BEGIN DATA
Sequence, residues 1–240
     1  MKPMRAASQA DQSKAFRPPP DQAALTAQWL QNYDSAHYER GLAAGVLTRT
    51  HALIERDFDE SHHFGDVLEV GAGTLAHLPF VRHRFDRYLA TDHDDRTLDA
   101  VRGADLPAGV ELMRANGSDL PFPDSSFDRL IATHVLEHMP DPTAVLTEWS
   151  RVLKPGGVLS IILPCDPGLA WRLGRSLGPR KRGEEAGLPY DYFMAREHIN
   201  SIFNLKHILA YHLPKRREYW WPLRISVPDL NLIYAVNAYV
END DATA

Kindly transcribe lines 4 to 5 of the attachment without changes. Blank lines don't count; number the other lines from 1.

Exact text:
   101  VRGADLPAGV ELMRANGSDL PFPDSSFDRL IATHVLEHMP DPTAVLTEWS
   151  RVLKPGGVLS IILPCDPGLA WRLGRSLGPR KRGEEAGLPY DYFMAREHIN